This is the fifteenth entry for this meme, suggested by Sheila@ One Persons Journey Through A World of Books.
I am nearing the end of The Ascent of George Washington: The Hidden Political Genius of an American Icon, by John Ferling, in Hard Back... bedtime reading.
However, my newest pursuit is Private Life by Jane Smily, on the small Kindle by wife got, to try the smaller size - she had originally gotten the larger version. She still likes the larger version, so I get to use the smaller one. I love it. I use it for day time reading, waiting at doctor's office, auto repair shops, etc.
I chose this volume of fiction because it is expansive and I don't know if I'll every finish it. It is my third Jane Smiley read, after Thousand Acres and Moo. Eccentric, to say the least. Here is the strange story it tells:
From Booklist via amazon.com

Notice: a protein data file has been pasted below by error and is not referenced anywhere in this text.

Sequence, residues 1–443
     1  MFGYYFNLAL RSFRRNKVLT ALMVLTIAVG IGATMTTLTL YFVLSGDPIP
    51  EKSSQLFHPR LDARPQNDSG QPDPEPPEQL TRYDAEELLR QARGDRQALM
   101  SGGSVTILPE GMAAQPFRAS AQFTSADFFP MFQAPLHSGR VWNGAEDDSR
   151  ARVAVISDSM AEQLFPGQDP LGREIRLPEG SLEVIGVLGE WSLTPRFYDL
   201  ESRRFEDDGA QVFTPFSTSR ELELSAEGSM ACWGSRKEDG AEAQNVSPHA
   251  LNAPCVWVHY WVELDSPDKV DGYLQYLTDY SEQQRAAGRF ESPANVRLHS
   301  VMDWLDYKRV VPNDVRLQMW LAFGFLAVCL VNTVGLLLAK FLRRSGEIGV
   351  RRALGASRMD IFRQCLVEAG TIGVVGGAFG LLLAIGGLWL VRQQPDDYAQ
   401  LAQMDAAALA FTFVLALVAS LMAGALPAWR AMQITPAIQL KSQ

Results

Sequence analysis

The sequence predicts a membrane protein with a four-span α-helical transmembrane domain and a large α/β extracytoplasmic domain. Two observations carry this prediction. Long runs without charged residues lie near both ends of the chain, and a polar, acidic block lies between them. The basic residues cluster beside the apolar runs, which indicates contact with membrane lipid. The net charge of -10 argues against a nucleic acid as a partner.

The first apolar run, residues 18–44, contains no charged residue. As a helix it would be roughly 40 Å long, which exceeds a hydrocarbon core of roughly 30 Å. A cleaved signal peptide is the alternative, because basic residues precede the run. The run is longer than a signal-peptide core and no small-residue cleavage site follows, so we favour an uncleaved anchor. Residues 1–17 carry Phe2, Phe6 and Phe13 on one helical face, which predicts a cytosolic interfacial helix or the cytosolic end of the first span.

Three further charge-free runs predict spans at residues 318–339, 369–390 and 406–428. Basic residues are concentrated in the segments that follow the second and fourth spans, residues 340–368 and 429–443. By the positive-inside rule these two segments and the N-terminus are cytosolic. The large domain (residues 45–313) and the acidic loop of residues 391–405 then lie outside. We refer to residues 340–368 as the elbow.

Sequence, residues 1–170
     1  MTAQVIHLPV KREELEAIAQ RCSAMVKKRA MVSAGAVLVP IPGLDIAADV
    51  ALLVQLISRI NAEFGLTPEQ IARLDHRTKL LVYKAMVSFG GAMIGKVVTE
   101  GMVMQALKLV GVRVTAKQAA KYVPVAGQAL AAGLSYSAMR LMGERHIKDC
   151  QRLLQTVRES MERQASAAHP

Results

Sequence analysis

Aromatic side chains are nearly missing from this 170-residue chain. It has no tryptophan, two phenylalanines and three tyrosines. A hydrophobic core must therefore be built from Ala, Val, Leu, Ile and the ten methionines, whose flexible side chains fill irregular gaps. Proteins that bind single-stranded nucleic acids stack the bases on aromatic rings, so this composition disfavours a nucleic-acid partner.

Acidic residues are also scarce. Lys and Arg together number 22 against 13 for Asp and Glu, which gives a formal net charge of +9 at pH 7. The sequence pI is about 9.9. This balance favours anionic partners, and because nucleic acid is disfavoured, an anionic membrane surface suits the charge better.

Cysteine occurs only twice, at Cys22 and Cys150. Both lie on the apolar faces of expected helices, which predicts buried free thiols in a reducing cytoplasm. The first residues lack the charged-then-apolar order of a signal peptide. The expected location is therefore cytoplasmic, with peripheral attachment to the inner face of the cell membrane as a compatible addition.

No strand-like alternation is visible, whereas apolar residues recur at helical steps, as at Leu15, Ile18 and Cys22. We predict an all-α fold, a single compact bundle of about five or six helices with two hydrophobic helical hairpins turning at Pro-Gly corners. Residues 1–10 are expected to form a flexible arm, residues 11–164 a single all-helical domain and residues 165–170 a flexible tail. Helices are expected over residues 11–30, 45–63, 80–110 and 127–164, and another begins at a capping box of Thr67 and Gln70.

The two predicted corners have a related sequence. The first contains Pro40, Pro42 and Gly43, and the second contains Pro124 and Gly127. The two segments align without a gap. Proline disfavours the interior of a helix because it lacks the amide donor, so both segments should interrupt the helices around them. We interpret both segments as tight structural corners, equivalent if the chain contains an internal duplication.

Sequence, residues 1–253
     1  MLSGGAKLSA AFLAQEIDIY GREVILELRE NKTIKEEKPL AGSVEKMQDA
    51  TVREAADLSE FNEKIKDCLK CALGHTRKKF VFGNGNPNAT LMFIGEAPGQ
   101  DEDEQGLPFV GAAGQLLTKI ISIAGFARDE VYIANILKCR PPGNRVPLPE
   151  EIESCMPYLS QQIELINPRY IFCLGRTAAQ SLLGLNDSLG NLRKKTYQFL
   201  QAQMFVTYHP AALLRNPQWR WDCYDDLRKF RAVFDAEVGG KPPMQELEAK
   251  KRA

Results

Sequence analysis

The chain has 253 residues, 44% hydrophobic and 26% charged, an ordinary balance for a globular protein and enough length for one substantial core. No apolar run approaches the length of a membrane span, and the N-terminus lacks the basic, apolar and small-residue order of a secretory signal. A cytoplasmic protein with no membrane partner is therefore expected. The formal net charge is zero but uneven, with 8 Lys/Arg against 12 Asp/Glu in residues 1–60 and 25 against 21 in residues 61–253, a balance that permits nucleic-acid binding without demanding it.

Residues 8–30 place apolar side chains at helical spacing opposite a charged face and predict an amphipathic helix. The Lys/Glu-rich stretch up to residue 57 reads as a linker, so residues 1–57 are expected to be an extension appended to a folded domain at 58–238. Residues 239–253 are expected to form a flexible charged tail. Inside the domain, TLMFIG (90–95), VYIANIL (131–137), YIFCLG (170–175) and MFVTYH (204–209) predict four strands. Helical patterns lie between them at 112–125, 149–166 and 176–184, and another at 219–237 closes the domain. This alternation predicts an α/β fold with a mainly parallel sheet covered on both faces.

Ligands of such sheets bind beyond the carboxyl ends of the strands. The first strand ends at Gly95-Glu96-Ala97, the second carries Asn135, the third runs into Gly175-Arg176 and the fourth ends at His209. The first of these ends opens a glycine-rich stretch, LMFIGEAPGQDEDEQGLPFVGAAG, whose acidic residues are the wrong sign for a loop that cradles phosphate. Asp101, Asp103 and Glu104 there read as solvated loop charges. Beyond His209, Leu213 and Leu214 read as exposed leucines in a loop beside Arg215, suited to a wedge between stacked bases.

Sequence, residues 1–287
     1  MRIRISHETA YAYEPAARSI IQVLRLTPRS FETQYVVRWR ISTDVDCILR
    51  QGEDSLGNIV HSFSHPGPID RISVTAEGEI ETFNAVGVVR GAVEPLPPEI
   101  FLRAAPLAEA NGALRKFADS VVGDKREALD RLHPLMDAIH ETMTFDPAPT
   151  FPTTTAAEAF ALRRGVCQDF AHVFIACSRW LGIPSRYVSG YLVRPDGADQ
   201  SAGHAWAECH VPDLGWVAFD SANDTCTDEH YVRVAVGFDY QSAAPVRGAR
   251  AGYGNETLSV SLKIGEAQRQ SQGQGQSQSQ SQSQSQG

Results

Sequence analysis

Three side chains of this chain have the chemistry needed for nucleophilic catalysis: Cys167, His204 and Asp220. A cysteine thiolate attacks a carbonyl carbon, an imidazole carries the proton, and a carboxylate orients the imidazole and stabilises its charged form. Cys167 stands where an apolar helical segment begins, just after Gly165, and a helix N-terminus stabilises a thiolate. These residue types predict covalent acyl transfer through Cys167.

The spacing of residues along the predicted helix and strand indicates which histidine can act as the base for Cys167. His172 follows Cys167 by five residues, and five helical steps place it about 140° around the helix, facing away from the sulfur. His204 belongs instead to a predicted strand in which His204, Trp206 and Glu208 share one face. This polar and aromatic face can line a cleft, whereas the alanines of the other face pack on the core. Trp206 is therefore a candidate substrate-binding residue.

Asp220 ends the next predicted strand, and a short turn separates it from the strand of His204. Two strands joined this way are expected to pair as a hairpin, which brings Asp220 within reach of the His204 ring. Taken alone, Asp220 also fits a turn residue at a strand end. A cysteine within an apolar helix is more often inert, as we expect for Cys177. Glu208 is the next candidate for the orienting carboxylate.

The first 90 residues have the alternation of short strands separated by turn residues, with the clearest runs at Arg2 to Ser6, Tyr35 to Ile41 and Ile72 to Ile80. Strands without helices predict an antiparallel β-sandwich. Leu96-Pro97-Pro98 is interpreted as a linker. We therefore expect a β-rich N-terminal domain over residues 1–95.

In her latest novel, after Ten Days in the Hills (2007), the Pulitzer Prize–winning author offers a cold-eyed view of the compromises required by marriage while also providing an intimate portrait of life in the Midwest and West during the years 1883–1942. By the time she reaches the age of 27, Margaret Mayfield has known a lot of tragedy in her life. She has lost two brothers, one to an accident, the other to illness, as well as her father, who committed suicide. Her strong-minded mother, Lavinia, knows that her daughter’s prospects for marriage are dim and takes every opportunity to encourage Margaret’s friendship with eccentric scientist Andrew Early. When the two marry and move to a naval base in San Francisco, Margaret becomes more than Andrew’s helpmeet—she is also his cook, driver, and typist as well as the captive audience for his rants against Einstein and his own quirky theories about the universe. As Smiley covers in absorbing detail both private and world events—a lovely Missouri wedding, the chaos of the 1906 San Francisco earthquake, the wrenching death of a baby—she keeps at the center of the narrative Margaret’s growing realization that she has married a madman and her subsequent attempts to deal with her marriage by becoming adept at “the neutral smile, the moment of patient silence,” before giving in to bitterness. Smiley casts a gimlet eye on the institution of marriage even as she offers a fascinating glimpse of a distant era. --Joanne Wilkinson